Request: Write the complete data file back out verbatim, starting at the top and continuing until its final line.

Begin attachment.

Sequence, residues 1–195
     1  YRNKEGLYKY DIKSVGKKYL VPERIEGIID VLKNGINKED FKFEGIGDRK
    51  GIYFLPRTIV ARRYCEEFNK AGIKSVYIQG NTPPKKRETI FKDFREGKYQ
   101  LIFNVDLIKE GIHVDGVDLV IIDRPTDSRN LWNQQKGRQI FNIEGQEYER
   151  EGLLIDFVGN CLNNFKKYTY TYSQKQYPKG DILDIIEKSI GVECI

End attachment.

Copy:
Sequence, residues 1–195
     1  YRNKEGLYKY DIKSVGKKYL VPERIEGIID VLKNGINKED FKFEGIGDRK
    51  GIYFLPRTIV ARRYCEEFNK AGIKSVYIQG NTPPKKRETI FKDFREGKYQ
   101  LIFNVDLIKE GIHVDGVDLV IIDRPTDSRN LWNQQKGRQI FNIEGQEYER
   151  EGLLIDFVGN CLNNFKKYTY TYSQKQYPKG DILDIIEKSI GVECI